In-depth reviews

Alfa Romeo Giulia review – compact executive saloon tackles the BMW 3-series

In such a competitive marketplace, the Giulia holds its own and represents Alfa’s best effort in years

Evo rating
Price
from £40,829
  • Keen engines, enjoyable handling
  • Firm low-speed ride, option packs soon add up

There has been much said about the Alfa Romeo Giulia, but whereas most of the attention has been levelled at the M3-rivalling Quadifoglio, the standard Giulia models are if anything even more important, as these are the cars that need to appeal to a far wider audience.

Now available solely with a 2-litre turbo four-cylinder in two states of tune alongside the V6 Quadrifoglio, the Alfa Romeo Giulia remains a strong compact executive offering, adding flare to a market previously dominated by the big German manufacturers and occasionally infiltrated by Jaguar and the Japanese pair, Lexus and Infiniti.

> Updated 2022 BMW 3-series debuts – new interior for BMW’s big seller

As compact executive rivals are stronger than ever, Alfa Romeo could no longer afford to merely get by with recycled platforms and hand-me-down engines. The Giulia's platform is all-new (and shared with the Stelvio SUV), its engines freshly developed for this car, and it sends its power, like the majority of cars in this class, to the rear wheels.

Fittingly, Alfa Romeo's effort paid off - and whether Quadrifoglio or not, this is one of the best cars the company has produced in a very long time. While it lacks polish in places, its talented chassis, strong engines, light weight and improved quality all make this a very competitive offering.

Alfa Romeo Giulia in detail

  • > Performance and 0-62mph time - Performance figures fall behind its German counterparts, with a simplified lineup leaving gaps in the range.
  • > Engine and gearbox - Alfa Romeo offers three engine choices including the hot-rod QV. Ordinary Giulias are four-cylinder motivated with a 2.0-litre turbo petrol in two states of tune, with the QV range-topper boasting a 2.9-litre V6
  • > Ride and Handling - The Giulia's rear drive chassis make is a far more dynamically tempting proposition. No longer the pretty but slightly inept executive option, Alfa Romeo is giving BMW and Jaguar a run as the new dynamic champion.
  • > MPG and running costs - Though the diesel model has now been lifted from the range, both the entry-level Sprint and mid-range Veloce offer respectable fuel economy.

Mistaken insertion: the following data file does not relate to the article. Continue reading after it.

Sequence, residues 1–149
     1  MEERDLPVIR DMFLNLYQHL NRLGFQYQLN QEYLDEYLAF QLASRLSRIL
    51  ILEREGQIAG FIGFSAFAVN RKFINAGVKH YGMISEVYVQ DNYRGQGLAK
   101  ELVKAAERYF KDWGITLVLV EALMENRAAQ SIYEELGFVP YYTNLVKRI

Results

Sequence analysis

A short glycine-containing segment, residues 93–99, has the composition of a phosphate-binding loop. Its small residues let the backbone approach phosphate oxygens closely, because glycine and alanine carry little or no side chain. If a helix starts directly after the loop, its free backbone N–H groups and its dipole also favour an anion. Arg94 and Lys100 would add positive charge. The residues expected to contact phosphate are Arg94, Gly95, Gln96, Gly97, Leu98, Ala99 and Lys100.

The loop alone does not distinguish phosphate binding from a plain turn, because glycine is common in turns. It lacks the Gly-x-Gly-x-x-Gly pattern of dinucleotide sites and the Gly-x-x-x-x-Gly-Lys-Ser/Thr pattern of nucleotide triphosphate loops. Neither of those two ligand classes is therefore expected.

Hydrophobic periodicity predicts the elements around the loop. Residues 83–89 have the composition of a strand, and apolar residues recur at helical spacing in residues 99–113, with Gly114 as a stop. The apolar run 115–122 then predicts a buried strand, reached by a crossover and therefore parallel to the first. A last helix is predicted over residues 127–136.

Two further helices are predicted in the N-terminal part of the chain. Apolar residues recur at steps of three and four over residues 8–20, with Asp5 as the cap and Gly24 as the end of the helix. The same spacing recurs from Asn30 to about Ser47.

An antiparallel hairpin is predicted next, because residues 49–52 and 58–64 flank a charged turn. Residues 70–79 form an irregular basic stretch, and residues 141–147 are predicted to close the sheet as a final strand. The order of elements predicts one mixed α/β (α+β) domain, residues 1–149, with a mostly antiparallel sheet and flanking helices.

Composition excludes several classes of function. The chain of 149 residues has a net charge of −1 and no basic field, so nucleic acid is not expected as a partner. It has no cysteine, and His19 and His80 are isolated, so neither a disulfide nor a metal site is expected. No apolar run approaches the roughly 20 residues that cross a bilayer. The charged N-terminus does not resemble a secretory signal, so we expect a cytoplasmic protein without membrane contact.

• > Interior and tech - Despite taking inspiration from the best German systems, the Giulia's interior tech does fall short of the best in class.
  • > Design - One of the rather more limited talents of the old 159, the Giulia is perhaps not as pretty or well detailed as its predecessor, but the look is sleek and crucially different to the German aristocracy.

Prices, specs and rivals 

Now priced from £40,829, the Giulia is pitched at the premium offerings in the compact executive segment, which is dominated by German brands. The Giulia range is divided into three trim levels, bookended by the base Sprint and Estrema models.

Standard kit on the entry-level model comprises a multifunctional steering-wheel, automatic emergency braking and rear parking sensors, with a 6.5-inch screen mounted on the centre console for the infotainment system. The base trim is exclusively powered by a 197bhp 2.0-litre four-cylinder petrol engine.

The middling Veloce starts at £46,199, with the price bump justified through the addition of an extra 79bhp (for a 276bhp total), chassis tweaks and a limited-slip differential. There's more kit as standard too, with uprated Bi-Xenon headlights, an enlarged infotainment display and 19-inch wheels setting it apart from the base car.

The Estrema model is style-centric with exterior touches lending a sportier aesthetic, with a number of tweaks taking inspiration from the range-topping Quadrifoglio. Alfa Romeo's SDC (Synaptic Dynamic Control) suspension is also unique to the Estrema, as are Alcantara sports seats, interior carbon fibre trim and an uprated Harmon Kardon sound system.

Though the lineup has been simplified in recent years, the Giulia models offered largely reflect the variety of derivatives offered by the Audi A4, BMW 3-series, Mercedes-Benz C-class. There is a gap though between the Estrema and Giulia Quadrifoglio that the brands above have managed to fill with the S4, 340i and C43, respectively. Whereas the German trio are available in multiple bodystyles such as fastback or estate, the Giulia is saloon only.

More on Giulia

2019 Alfa Romeo Giulia Veloce Ti review
Alfa Romeo Giulia saloon

2019 Alfa Romeo Giulia Veloce Ti review

Ti additions are expensive, certainly if you tick the option packs, but the Giulia remains an engaging sports saloon
12 Jun 2019
Alfa Romeo introduces new Giulia Veloce Ti
Alfa Giulia MY19 updates - front Ti
Alfa Romeo Giulia saloon

Alfa Romeo introduces new Giulia Veloce Ti

Equipment, styling and mechanical upgrades, plus a new Veloce Ti trim level to sharpen up Alfa’s impressive saloon
17 Aug 2018
Alfa Romeo Giulia Veloce review
Alfa Romeo Giulia saloon

Alfa Romeo Giulia Veloce review

Alfa Romeo's sub-Quadrifoglio sports saloon is the pick of the standard range
23 Jun 2017
Alfa Romeo Giulia Veloce unveiled
Alfa Romeo Giulia saloon

Alfa Romeo Giulia Veloce unveiled

'Warm' Alfa Giulia is available for order in the UK
13 Apr 2017
Alfa Romeo Giulia – pricing begins from £29,180
Alfa Romeo Giulia saloon

Alfa Romeo Giulia – pricing begins from £29,180

Giulia pricing and specification now announced - but will it be enough to fend off rivals?
5 Aug 2016